Not All Basic Economy Fares are Created Equal

We once swore we’d never fly basic economy again, but we’ve since changed our minds. Here’s what we learned over the past few years of flying on budget deals.

If you’re looking for flight deals either domestically or abroad, you’ll probably see a ton of fares low enough to make your jaw drop. But the truth is that once you add a checked bag and a seat selection, you could be paying $200 extra—or even more—and the flight paths or times may be really inconvenient.

Most airlines have started offering no-frills “basic economy” fares, which essentially get you a seat on the plane and nothing else—maybe a Diet Coke on the rocks 😉

If you’re on a time and money budget, you’ll want to look closely at cost vs. convenience. Here are three tips for navigating these fares.

1. Read the Fine Print

What’s included in these basic rates will vary from airline to airline, so you’ll want to read the fine print very carefully before purchasing to make sure it suits your needs. Most of the time you will have a randomly assigned seat at the back of the plane (that can’t be upgraded or changed), and you will board in the last group. You may or may not have access to overhead bins and will have to pay (possibly $120) to check a bag. Also, you are not guaranteed a seat next to your travel companions, so if you are flying with kids, this might not be a wise option.

2. Know what you can’t live without

Everyone has those creature comforts they need to make air travel bearable (maybe even enjoyable 😱). Perhaps you must check a bag. Maybe you really like the option for cheap, last minute upgrades to business class. We never check bags, but we do need overhead space. And for us, being able to select our seats in advance is really important. We learned the hard way, the first time we flew basic economy, that on Delta we could not select our seats in advance or even pay extra at the airport for a better seat that went empty while we sat in the back by the bathrooms. (We’ve never opted for basic economy on American, because they don’t let you select your seat in advance either).

By comparison, United allowed us to use overhead space and select seats in advance for only $25 each on a direct flight from Washington, D.C. to Amsterdam. The seats were still in the back, but especially since the plane was new and a 2-3-2 configuration, this was all we needed for comfort. We wound up paying only $650 for a wonderfully pleasant direct flight to Europe on United that included meals, snacks, beer and wine, and extremely attentive service. (Delta’s website says you have to purchase Comfort Plus to get attentive service—but in reality we had great flight attendants on our last trip to the Caribbean).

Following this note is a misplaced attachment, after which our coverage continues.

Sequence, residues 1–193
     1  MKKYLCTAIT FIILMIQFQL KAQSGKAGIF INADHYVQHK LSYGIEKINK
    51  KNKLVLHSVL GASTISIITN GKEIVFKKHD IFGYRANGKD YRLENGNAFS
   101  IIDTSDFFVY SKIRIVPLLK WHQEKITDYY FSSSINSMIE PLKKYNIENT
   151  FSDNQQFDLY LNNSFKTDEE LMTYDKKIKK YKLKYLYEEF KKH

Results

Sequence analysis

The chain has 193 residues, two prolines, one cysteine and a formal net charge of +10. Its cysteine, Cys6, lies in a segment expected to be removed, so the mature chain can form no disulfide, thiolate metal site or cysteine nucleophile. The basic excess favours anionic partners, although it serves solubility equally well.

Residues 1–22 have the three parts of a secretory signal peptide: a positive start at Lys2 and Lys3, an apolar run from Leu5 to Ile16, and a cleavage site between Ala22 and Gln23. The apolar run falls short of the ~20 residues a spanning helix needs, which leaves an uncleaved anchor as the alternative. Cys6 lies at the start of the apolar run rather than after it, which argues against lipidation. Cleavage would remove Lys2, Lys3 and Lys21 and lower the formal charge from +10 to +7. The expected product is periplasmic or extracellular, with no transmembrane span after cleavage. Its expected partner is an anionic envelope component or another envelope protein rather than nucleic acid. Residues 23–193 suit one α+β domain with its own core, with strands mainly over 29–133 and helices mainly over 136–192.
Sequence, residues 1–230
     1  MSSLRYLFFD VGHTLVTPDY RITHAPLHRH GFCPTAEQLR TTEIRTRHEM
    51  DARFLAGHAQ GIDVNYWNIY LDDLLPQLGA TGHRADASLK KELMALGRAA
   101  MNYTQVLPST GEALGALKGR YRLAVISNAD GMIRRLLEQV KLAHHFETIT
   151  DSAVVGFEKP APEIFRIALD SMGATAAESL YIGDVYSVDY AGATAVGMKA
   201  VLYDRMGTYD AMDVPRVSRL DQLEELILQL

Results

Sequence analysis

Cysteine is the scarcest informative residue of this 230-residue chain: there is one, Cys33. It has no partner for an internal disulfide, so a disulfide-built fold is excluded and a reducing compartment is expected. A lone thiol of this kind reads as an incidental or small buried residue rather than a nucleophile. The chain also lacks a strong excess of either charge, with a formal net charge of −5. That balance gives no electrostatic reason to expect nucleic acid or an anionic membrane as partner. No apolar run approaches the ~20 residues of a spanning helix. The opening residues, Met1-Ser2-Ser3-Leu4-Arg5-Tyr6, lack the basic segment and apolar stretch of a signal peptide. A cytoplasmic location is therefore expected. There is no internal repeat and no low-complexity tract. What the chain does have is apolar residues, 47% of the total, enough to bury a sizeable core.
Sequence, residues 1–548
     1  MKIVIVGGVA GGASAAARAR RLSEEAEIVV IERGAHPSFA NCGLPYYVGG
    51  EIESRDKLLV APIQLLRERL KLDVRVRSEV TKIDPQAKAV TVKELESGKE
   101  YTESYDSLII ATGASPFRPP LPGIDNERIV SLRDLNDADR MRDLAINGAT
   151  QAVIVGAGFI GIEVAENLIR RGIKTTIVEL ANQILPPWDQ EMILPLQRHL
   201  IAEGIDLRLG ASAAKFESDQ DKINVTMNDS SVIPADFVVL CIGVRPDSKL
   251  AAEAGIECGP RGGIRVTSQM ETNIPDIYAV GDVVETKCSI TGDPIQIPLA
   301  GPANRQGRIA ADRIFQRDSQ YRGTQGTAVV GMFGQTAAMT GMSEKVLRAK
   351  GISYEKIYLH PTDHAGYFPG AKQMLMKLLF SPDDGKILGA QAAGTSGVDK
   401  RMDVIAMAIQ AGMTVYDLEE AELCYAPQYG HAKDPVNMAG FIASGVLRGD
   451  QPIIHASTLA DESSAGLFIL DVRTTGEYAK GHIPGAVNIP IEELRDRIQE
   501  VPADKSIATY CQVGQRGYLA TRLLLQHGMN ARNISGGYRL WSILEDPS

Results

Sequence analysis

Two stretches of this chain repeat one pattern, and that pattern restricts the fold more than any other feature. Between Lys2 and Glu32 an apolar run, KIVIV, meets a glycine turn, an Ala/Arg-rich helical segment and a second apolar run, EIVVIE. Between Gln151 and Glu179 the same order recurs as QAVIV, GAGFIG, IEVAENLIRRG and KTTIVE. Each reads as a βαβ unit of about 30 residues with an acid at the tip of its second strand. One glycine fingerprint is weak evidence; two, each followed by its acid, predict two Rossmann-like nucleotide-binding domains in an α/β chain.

3. Price Out the Options

Sometimes you’re better off purchasing a regular economy fare and sometimes it’s worth it to get the basic economy tickets. First, figure out the difference between the two fares and what comes with them. So, for example, if the standard economy round-trip fare costs $100 more and includes a checked bag, but the basic fare charges $120 for a checked bag—and you plan to check a bag—you’ll obviously want to go with the standard fare. Note, however, that the checked-bag price is sometimes the same for both fare categories. You just have to look. Since we only needed an advance seat selection on our United flight, it was worth it to get the basic fare and just pay the $25 extra (per seat per flight).

Google Flights gives a nice breakdown of the essentials at each price.

Next, figure out what comforts you will go without in basic economy and whether you can live with it (this might depend on the length of the flight and size or configuration of the plane). Do you need preferred boarding, extra legroom or free booze? If so, you’ll want to upgrade to the comfort/extra-space economy seats and you generally can’t do that with a basic economy ticket. The biggest thing is to know what you’re purchasing before you click “buy” and to recognize that every airline—and sometimes different routes on the same airline—have different rules.

Our experience with Iberia was HORRIBLE. They use a third-party budget carrier called LEVEL, don’t really advertise it clearly, and let LEVEL treat you like cattle and shirk responsibly. Boarding was a zoo, they didn’t even give free water to basic-fare passengers and the landing was a nightmare!

But can you tell we had a great experience with United’s U.S. to Europe basic economy flight? We were really impressed. We saved $600 for two tickets by flying basic economy to Amsterdam and then hopping an EasyJet flight to Croatia (our intended destination).

Bonus tip: We also highly recommend using EasyJet to fly around Europe. It’s nicer than Ryan Air (it’s like the Southwest Airlines of Europe). Book directly on their website, and you can add extras for cheap (like priority boarding and seating).

We hope this helps!

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